|Saline seepage in deltaic areas|
On 6 December 2013, Perry de Louw will defend his PhD thesis on «Saline seepage in deltaic areas – Preferential groundwater discharge through boils and interactions between thin rainwater lenses and upward saline». More than 50% of world’s population lives in coastal areas and is largely dependent on fresh groundwater resources for domestic, agricultural and industrial purposes. However, in many coastal areas, groundwater is brackish to saline which may pose problems for the sustainable exploitation of fresh groundwater. In low-lying coastal areas that lie below mean sea level, saline groundwater may reach the surface by upward groundwater flow. This process is referred to as «saline seepage» and is the main subject of this PhD thesis.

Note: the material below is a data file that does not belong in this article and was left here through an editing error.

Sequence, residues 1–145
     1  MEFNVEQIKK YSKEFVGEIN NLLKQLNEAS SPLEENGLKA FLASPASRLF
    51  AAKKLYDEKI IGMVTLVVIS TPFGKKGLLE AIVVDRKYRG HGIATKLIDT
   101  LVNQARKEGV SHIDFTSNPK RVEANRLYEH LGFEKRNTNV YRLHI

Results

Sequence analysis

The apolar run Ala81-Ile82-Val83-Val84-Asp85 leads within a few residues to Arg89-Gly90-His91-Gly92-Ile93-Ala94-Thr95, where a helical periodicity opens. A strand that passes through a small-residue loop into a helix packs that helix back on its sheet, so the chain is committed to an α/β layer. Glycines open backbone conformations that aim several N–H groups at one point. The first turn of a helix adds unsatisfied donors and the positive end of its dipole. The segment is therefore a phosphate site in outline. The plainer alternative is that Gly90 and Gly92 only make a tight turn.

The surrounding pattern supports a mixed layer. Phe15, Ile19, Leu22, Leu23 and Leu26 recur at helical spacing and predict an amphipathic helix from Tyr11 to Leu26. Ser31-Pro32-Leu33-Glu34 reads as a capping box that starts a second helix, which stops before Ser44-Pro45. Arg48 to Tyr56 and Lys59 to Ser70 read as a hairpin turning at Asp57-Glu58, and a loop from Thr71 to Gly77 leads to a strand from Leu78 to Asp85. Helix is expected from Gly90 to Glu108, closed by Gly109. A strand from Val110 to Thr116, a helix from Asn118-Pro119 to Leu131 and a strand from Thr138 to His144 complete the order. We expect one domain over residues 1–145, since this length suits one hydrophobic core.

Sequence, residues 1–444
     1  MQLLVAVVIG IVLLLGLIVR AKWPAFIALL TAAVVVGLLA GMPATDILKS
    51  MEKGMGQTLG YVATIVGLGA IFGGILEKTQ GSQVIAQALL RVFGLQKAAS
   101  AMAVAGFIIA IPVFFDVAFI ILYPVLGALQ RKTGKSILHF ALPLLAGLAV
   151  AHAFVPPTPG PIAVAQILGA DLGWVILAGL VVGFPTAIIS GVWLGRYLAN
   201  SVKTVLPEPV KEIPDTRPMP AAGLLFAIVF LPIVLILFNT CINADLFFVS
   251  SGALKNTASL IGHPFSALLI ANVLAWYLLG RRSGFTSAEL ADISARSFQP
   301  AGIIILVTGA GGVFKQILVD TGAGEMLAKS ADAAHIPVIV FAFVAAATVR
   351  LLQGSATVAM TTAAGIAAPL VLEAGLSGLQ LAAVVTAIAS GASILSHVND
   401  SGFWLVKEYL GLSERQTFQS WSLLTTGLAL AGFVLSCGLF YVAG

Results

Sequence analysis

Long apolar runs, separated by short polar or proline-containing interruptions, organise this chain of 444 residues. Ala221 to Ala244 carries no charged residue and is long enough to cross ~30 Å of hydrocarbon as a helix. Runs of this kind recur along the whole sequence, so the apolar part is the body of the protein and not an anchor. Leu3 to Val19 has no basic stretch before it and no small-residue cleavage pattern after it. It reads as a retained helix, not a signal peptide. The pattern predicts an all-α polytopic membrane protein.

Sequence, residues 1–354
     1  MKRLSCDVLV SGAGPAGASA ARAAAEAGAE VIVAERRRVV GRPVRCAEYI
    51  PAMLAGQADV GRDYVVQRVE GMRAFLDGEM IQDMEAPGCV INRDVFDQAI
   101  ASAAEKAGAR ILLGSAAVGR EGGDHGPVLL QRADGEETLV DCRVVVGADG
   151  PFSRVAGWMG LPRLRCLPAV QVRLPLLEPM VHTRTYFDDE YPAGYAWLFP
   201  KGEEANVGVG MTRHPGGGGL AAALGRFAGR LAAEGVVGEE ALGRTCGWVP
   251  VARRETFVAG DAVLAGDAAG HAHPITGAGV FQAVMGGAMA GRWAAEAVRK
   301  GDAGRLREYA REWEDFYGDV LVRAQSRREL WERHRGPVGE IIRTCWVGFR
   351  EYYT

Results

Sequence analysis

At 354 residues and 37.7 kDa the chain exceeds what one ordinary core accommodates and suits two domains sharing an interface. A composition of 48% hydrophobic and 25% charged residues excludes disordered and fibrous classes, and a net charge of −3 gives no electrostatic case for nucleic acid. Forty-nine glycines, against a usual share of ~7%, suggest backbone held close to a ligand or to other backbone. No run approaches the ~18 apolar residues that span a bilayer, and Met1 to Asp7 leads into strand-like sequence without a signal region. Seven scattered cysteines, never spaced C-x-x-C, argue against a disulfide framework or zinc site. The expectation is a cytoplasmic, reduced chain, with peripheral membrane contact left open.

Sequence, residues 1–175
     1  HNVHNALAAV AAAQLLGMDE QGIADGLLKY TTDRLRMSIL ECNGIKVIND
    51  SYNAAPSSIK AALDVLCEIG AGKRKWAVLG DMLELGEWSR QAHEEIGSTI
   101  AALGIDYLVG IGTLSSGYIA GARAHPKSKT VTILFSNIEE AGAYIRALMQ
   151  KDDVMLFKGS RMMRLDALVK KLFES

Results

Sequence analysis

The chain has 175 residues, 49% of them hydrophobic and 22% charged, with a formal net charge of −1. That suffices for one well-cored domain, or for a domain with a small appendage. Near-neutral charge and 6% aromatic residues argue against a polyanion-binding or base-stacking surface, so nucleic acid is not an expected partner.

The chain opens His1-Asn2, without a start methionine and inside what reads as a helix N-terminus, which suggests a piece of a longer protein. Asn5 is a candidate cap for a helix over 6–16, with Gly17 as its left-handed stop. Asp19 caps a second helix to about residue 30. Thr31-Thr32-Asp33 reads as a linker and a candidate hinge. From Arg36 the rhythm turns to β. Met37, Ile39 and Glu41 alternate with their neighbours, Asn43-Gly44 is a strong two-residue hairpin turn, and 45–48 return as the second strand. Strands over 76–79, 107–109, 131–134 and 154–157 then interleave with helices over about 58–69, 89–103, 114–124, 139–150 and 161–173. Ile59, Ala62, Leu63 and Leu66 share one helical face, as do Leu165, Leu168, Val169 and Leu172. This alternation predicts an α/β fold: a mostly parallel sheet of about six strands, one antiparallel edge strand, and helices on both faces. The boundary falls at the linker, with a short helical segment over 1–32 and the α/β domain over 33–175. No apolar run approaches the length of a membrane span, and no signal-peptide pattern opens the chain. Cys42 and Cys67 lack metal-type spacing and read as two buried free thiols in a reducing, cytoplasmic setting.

Saline seepage leads to the salinization of surface waters, shallow groundwater and soil water in the root zone. Climate change and future rise in sea level are expected to increase saline seepage and reduce the availability of both fresh surface water and groundwater. Predicting effects of future changes, defining effective water management strategies for a climate proof sustainable freshwater supply and successful implementation of any measure are only meaningful when all relevant processes involving saline seepage are fully understood. This thesis describes the spatial variability and temporal dynamics of salinization processes involving saline seepage in deltaic areas. The research focused on the preferential saline seepage through boils leading to surface water salinization (Part I) and the interaction between thin rainwater lenses and saline seepage leading to the salinization of shallow groundwater and the root zone (Part II). These two processes were identified as important contributors to the salinization of the Dutch delta which was the study area of this PhD research.
Saline seepage in deltaic areas, by Perry de Louw (2013), PhD thesis, VU University Amsterdam, 202 pp.